Content at Launch

Content at Launch

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  • Post category:Game Design

Today’s post was inspired by Fig, a member of the Keen and Graev Community who wanted to know my opinion on the whether or not games are releasing with less content, or if we’re simply consuming it all faster than ever before.

The answer is, “YES.”

Games, when considered as a whole and not cherry-picking exceptions, are most definitely releasing with less content. For years, developers have used tactics like the dreaded DLC, Season Pass, Episodes, Bonus Content — whatever the heck they’re calling it now. It’s basically an excuse to make a game then filet it into pieces they can sell to you one bite at a time. Breaking a game up into pieces also extends the news cycle. MOAR POSTS ON THE NEWS SITES!

Somewhat related, games are also still releasing in an unfinished state. The epic rise of the “early access” model has fueled this fire, but it started back in the days of McMMO WoW clones. Remember those days? The Vanguard, WAR, Aion, etc., era?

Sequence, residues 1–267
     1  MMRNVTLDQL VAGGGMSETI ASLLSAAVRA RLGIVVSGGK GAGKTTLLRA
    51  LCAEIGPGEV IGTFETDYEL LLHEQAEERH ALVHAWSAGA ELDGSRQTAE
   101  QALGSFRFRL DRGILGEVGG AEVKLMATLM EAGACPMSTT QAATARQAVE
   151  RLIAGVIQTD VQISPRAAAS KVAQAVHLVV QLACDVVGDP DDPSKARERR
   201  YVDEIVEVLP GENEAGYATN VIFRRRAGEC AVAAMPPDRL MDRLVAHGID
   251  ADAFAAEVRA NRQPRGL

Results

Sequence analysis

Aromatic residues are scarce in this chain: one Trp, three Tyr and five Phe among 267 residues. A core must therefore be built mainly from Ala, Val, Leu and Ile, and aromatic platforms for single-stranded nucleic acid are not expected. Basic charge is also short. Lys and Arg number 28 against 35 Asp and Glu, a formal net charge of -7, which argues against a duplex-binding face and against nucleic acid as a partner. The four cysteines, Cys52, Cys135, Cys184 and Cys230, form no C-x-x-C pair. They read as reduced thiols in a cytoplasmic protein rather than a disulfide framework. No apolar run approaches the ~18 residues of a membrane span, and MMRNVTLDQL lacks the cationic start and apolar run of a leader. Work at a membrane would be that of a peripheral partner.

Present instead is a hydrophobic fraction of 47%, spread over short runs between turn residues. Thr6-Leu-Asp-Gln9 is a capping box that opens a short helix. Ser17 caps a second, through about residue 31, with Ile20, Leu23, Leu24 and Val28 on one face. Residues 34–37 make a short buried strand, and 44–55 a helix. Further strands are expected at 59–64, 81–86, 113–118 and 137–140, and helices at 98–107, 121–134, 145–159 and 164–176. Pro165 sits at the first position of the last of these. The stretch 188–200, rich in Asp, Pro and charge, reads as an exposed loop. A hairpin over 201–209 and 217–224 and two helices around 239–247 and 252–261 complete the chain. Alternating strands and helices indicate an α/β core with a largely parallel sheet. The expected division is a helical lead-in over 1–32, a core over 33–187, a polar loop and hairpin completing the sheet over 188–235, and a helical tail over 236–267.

We’re also blowing through content at breakneck speeds, but this issue is way more complex. Here are a few reasons we’re beating them faster.

  1. We’re trained and more skilled. There’s an element of knowing what to expect and being good at it because you’ve done it before. I know that I’m definitely better at console games because I’m better at using the controller after the past two years.
  2. Games are homogeneous. We really have played many of these games before with different skins, stories, etc.
  3. Games are easier. I booted up my SNES Classic and was rofflestomped by the AI in a matter of seconds. Older games were way, way harder.

I’ll toss in another point that I think goes hand-in-hand with these topics: Gamers lose interest faster.

The reason we have less content and we beat the games faster has to be indicative of how quickly we move from one game to the next. As kids, Graev and I would rent the same game from Blockbuster over and over. We spent months and months playing Donkey Kong Country. We spent YEARS playing The Realm, EverQuest, Dark Age of Camelot, and SWG. Heck, even in the older Call of Duty games (shout out to CoD4!) I’d clock a thousand or more hours. Now? I bet most people average playing a game for 2 weeks before moving on — whether they beat it or not.